No matter. Before the night was over, Americans had turned their backs on the planet. By handing over the Senate to Mitch McConnell and his merry band of Republicans, voters all but ensured that no progress will be made on climate change during the next two years — and that even some tenuous steps in the right direction may be reversed.

At Vox, Brad Plumer noted that Tuesday’s Alfred E. Neuman moment came about despite more than $80 million in campaign spending by environmentalists and despite natural disasters that may be related to climate change, such as the unusual destructiveness of Hurricane Sandy and the ongoing drought in the West.

“Which means that if anything’s going to change, it may have to happen outside Congress,” Plumer wrote, adding that “the 2014 election made clear that Washington, at least, isn’t going to be much help on climate policy anytime soon.”

Not much help? That would be the optimistic view. Because as Elana Schor pointed out in Politico, Republicans and conservative Democrats may now have a veto-proof majority to move ahead on the Keystone XL pipeline. The project, which would bring vast quantities of dirty oil from Canada into the United States, would amount to “the equivalent of adding six million new cars to the road,” the environmentalist Bill McKibben said in an interview with “Democracy Now” earlier this year.

The problem is that though Americans say they care about climate change, they don’t care about it very much.

In September, the Pew Research Center reported the results of a poll that showed 61 percent of the public believed there is solid evidence that the earth has been warming, and that 48 percent rated climate change as “a major threat” — well behind the Islamic State and nuclear programs in Iran and North Korea.

Moreover, whereas Democrats registered 79 percent on “solid evidence” and 68 percent on “major threat,” Republicans scored just 37 percent and 25 percent. The Republican political leadership, anxious to keep its restive right-wing base happy, has every incentive to keep pursuing its science-bashing obstructionist path.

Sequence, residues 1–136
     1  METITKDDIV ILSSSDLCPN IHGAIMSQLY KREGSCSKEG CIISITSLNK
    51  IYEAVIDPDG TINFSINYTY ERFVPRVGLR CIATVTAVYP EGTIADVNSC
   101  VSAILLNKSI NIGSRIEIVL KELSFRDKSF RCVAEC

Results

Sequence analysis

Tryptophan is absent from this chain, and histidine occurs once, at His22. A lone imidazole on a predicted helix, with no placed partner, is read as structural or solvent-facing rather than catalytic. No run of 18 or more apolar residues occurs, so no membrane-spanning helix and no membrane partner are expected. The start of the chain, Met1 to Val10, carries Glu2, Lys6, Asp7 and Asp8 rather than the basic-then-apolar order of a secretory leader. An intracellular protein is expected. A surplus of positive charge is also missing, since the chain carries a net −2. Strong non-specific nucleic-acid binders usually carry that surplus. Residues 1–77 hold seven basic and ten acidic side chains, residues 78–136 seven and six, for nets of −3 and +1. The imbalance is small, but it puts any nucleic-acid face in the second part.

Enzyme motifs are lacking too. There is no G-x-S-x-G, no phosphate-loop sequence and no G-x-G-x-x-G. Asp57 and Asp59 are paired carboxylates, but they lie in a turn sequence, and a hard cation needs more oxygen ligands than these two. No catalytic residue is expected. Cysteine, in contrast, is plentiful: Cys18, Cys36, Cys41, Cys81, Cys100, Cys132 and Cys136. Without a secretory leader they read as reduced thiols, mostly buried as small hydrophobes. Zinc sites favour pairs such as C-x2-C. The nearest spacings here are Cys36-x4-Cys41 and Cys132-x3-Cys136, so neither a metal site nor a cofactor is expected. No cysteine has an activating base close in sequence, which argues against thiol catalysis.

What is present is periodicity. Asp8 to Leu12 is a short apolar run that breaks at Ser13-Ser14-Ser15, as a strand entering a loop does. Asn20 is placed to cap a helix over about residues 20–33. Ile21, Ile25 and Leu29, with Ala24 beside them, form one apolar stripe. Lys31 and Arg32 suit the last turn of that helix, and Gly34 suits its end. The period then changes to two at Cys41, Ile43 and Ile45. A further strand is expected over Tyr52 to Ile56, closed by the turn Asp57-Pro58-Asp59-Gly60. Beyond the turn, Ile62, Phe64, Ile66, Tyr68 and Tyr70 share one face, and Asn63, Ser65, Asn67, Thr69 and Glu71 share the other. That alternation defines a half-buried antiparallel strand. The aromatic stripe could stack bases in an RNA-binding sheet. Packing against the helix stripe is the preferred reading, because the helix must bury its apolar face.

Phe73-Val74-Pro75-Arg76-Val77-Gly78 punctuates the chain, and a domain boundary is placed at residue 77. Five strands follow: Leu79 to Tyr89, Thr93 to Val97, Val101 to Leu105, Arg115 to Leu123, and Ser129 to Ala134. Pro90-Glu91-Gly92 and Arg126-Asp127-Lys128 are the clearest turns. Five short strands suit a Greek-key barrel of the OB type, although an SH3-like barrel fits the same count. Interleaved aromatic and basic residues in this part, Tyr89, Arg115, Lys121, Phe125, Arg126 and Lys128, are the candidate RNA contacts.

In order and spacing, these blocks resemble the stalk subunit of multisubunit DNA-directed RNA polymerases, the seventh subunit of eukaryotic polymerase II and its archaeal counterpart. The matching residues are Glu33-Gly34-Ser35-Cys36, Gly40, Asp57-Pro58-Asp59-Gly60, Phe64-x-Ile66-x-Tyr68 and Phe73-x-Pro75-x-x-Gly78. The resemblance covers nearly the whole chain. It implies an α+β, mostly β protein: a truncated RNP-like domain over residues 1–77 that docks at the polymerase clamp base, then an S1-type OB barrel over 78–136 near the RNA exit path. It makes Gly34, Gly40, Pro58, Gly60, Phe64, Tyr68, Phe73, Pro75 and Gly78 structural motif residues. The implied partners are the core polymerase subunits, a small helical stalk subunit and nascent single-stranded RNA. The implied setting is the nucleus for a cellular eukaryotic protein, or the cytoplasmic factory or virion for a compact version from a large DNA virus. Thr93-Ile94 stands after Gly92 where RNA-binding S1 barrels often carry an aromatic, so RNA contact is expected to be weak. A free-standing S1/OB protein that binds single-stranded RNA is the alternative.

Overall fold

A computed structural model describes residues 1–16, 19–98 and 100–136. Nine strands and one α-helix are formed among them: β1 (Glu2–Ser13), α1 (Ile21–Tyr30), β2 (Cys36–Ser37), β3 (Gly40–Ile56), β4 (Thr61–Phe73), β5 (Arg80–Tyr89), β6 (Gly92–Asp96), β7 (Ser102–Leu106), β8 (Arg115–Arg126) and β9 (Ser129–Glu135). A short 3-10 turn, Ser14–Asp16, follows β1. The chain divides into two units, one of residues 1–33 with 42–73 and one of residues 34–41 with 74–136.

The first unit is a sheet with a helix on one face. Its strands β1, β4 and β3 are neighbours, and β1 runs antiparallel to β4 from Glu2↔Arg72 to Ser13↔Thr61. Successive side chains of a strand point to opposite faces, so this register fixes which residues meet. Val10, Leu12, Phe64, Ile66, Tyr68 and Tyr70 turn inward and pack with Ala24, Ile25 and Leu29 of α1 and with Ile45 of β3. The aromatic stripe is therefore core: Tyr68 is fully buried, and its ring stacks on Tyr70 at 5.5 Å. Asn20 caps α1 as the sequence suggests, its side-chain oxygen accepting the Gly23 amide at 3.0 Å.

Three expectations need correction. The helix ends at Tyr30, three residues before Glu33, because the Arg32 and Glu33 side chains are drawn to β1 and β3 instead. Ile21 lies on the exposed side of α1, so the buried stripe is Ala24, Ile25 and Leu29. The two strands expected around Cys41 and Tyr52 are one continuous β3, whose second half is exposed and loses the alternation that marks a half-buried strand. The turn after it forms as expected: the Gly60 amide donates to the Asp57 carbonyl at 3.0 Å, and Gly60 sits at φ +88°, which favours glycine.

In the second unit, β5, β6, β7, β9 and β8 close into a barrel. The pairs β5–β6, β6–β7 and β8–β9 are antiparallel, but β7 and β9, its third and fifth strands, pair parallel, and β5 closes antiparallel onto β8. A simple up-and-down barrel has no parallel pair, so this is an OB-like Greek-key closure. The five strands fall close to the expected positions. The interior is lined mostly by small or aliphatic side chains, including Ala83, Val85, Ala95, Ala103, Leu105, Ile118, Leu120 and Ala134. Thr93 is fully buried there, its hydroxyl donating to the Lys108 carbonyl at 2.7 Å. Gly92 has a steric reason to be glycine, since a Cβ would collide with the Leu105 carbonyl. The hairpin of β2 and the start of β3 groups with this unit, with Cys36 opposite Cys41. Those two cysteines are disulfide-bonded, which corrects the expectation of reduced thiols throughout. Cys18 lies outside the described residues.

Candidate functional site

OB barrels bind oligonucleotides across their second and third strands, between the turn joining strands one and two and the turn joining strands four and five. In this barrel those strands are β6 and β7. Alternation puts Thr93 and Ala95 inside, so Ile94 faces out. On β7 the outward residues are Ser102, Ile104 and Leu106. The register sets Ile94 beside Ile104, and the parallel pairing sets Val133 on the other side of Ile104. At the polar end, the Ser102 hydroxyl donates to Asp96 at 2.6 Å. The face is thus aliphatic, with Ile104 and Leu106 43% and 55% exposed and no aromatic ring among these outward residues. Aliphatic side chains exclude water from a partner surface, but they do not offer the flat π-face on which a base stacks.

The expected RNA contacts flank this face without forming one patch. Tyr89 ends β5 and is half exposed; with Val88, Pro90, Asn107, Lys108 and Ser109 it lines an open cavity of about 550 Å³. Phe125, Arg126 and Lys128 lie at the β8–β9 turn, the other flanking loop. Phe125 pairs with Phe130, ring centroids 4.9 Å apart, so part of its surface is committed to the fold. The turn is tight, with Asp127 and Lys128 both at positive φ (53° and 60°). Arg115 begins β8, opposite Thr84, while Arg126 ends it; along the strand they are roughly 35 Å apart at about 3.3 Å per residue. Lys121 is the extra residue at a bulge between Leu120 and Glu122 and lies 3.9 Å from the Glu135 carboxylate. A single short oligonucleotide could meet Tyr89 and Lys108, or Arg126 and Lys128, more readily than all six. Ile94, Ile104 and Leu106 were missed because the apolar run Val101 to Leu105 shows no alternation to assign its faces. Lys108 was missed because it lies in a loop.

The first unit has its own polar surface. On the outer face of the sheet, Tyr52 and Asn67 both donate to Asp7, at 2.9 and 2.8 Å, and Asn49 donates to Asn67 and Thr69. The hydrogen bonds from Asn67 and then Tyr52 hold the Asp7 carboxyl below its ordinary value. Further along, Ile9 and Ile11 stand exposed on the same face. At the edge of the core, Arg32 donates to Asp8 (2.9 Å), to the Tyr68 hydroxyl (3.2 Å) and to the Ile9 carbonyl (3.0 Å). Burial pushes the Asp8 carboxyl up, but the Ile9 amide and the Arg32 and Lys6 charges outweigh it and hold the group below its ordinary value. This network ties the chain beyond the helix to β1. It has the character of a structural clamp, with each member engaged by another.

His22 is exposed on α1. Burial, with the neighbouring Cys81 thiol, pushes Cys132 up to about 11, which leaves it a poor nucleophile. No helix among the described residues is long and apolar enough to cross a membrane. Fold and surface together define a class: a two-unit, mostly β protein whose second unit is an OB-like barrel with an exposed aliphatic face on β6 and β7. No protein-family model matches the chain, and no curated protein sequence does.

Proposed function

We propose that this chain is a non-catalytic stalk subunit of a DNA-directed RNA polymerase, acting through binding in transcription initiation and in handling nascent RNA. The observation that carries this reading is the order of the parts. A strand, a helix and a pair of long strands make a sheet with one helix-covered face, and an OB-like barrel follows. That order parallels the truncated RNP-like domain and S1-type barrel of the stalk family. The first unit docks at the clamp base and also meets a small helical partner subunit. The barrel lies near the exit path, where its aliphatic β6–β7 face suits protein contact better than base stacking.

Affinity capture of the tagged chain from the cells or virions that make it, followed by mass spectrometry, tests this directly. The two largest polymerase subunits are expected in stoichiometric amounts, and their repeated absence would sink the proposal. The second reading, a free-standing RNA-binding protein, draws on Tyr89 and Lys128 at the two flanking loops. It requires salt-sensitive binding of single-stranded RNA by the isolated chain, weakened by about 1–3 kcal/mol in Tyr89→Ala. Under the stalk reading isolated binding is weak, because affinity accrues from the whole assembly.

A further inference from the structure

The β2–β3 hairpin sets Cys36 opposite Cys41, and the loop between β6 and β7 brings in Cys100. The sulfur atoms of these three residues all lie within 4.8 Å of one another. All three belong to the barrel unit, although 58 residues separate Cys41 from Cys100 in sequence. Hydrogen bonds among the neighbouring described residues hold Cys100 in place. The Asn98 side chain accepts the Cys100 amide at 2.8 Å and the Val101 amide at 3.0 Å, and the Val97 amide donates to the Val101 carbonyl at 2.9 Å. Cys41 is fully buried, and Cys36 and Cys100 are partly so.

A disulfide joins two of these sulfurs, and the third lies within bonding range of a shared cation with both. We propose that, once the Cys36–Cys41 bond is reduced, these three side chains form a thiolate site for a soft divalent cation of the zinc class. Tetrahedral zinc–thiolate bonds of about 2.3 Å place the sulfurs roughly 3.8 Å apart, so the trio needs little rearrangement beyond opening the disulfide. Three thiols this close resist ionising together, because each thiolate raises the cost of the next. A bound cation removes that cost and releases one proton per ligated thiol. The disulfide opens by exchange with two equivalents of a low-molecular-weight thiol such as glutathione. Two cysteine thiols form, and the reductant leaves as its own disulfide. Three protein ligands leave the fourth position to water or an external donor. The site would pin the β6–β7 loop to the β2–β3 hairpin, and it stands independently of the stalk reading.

One possible solution to this mess was proposed in the New York Times a few days ago by David Schanzer and Jay Sullivan of Duke University: get rid of the midterm elections altogether by extending the terms of representatives from two to four years and by changing senatorial terms from six years to four or eight.

As Schanzer and Sullivan noted, presidential election years are marked by high turnout across a broad spectrum of the electorate. By contrast, the midterms attract a smaller, whiter, older, more conservative cohort that is bent on revenge for the setbacks it suffered two years earlier. (According to NBC News, turnout among those 60 and older Tuesday was 37 percent, compared to just 12 percent for those under 30.)

“The realities of the modern election cycle,” they wrote, “are that we spend almost two years selecting a president with a well-developed agenda, but then, less than two years after the inauguration, the midterm election cripples that same president’s ability to advance that agenda.”

There is, of course, virtually no chance of such common-sense reform happening as long as one of our two major parties benefits from it not happening.

The consequences of that inaction can be devastating. According to The Washington Post’s account of this week’s U.N. report, “some impacts of climate change will ‘continue for centuries,’ even if all emissions from fossil-fuel burning were to stop.”

Sadly, we just kicked the can down the road for at least another two years.

Correction: This commentary originally said that CBS News’ report on climate change was aired on Tuesday rather than Monday.